Part1 The History of Food in Global Perspectives 2 Circles of Growing and Eating: The Political Ecology of Food and Agriculture, Harriet Friedmann 3 The Impact of New World Food Crops on the Diet and Economy of China and India, 1600—1900, Sucheta Mazumdar 4 All the World's a Restaurant: On the Global Gastronomies of Tourism and Travel, Rebecca L. Spang 5 On "Cabbages and Kings": The Politics of Jewish Identity in Post-Colonial French Society and Cuisine, Joëlle Bahloul

33 58 79 92

Part 2 Public Policy and Global Science 6 Food Policies, Nutrition Policies, and their Influence on Processes of Change: European Examples, Elisabet Helsing 109 7 Food Policy Research in a Global Context: The West African Sahel, Delia McMillan and Thomas Reardon 131 8 Childhood Nutrition in Developing Countries and Its Policy Consequences, Noel W. Solomons, M.D, 149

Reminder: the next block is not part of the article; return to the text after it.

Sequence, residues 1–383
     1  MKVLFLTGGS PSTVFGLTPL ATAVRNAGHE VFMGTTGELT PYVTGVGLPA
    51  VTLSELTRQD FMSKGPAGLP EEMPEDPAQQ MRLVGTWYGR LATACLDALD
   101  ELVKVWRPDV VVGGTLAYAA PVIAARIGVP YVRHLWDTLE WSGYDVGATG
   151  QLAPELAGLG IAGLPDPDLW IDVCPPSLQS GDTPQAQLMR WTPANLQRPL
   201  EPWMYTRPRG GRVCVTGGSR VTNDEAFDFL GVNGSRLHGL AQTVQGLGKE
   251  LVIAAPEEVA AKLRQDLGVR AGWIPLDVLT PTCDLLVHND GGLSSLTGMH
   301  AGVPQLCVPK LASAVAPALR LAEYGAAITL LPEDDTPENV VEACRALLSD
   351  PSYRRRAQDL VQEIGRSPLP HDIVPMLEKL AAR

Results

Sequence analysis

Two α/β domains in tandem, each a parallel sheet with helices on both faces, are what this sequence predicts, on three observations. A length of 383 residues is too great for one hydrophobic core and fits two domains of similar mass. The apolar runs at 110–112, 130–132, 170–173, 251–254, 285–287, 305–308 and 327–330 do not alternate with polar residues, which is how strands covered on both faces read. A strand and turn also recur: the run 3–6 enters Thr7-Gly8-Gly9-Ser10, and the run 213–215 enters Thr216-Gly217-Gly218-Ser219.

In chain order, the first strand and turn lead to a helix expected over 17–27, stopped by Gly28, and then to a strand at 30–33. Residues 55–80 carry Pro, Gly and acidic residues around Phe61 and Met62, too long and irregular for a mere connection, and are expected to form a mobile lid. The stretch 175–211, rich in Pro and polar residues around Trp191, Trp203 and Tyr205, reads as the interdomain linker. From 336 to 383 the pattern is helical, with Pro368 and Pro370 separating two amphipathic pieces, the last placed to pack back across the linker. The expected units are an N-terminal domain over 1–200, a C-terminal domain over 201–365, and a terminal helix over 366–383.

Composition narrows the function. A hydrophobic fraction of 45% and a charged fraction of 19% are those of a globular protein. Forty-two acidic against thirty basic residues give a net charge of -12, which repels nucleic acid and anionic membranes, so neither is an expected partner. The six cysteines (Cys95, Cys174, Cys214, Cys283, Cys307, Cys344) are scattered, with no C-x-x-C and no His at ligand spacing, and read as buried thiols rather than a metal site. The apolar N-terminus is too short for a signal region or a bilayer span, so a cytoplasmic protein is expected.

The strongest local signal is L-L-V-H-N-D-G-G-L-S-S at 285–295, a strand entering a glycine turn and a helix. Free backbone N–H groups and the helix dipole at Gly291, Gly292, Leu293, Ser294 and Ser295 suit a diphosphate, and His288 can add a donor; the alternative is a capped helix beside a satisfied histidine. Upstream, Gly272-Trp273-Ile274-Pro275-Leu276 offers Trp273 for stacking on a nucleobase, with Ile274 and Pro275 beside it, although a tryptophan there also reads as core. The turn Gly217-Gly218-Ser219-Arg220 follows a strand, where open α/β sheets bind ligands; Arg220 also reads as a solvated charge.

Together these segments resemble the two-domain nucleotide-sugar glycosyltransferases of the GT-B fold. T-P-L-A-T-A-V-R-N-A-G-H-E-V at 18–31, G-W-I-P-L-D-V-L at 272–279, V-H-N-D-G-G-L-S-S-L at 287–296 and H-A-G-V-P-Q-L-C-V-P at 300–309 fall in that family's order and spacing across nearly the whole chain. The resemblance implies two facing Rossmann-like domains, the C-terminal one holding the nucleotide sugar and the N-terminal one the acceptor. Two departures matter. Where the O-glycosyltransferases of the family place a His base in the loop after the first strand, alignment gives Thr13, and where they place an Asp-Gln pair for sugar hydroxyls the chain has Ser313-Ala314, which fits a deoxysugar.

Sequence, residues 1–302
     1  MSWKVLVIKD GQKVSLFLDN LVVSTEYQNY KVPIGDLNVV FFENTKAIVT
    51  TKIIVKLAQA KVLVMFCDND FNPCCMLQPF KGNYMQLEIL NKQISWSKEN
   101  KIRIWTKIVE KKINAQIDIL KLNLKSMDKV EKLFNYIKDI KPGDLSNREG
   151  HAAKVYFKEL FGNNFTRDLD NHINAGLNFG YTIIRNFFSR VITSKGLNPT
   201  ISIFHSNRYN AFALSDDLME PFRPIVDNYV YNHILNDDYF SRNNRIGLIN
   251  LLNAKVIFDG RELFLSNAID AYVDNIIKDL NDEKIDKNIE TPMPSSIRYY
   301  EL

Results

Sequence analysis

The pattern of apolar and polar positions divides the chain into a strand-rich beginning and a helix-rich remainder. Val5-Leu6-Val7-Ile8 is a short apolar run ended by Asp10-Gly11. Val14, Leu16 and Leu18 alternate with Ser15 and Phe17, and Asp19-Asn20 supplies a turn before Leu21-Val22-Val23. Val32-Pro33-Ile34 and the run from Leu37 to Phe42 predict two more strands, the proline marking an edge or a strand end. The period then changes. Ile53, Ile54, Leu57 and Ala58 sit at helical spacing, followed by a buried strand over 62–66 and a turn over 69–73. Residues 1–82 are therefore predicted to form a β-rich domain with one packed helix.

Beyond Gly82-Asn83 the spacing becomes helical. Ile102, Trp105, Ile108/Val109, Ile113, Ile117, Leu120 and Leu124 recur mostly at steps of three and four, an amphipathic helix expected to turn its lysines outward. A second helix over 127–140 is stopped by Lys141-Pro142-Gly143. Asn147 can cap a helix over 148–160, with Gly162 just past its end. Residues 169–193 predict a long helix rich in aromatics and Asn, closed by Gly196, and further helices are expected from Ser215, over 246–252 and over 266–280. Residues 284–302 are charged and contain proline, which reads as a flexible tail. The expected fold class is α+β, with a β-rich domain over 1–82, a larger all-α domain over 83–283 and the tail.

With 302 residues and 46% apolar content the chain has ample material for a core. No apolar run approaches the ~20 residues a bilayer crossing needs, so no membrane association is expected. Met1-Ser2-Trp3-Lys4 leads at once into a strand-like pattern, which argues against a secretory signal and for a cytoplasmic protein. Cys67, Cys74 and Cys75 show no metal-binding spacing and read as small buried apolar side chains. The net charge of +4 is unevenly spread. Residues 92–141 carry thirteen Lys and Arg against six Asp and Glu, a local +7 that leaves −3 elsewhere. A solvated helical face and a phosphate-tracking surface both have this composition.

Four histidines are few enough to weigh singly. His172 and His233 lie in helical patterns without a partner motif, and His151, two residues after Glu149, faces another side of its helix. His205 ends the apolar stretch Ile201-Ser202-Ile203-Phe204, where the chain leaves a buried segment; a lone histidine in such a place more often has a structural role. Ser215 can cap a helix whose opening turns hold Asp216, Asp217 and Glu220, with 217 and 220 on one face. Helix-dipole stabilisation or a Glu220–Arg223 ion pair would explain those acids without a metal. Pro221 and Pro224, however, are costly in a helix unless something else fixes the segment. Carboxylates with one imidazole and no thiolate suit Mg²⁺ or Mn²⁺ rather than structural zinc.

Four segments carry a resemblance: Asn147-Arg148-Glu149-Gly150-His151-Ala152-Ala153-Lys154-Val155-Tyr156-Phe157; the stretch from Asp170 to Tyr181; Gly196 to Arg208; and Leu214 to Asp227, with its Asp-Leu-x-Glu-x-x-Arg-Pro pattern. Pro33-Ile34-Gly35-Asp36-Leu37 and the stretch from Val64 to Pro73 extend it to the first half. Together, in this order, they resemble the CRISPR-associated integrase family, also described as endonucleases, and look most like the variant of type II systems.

Part 3 Global Systems and Human Diet 9 Food System Globalization, Eating Transformations, and Nutrition Transitions, Jeffrey Sobal

171 v



10 Fat and Sugar in the Global Diet: Dietary Diversity in the Nutrition Transition, Adam Drewnowski 11 The 'Mad Cow' Crisis: A Global Perspective, Claude Fischler

194 207

Part 4 Eating Together Globally 12

The Family Meal and Its Significance in Global Times, Alex Mclntosh 13 We Eat Each Other's Food to Nourish our Body: The Global and the Local as Mutually Constituent Forces, Emiko Ohnuki-Tierney 14 Food and the Counterculture: A Story of Bread and Politics, Warren Belasco List of Contributors


240 273 293

Tables and Figures Tables 6.1

Average increase in life expectancy, Scandinavia


8.1 8.2

Child nutrition issues Formulating child nutrition policy

161 162

Japanese food consumption, 1955-1994 Nutrition transition in China, 1970-1994

200 201

10.1 10.2 Figures 6.1 6.2

Mortality from ischaemic heart diseases, Europe, 1970—1995 123 Mortality from cerebrovascular diseases, Europe, 1970—1995 124

7.1 7.2

Indexes of food production, developing countries, 1961—1994 133 Rainfall in the Sahel, 1921-1994 137


Structure of the diet in relation to GNP



This page intentionally left blank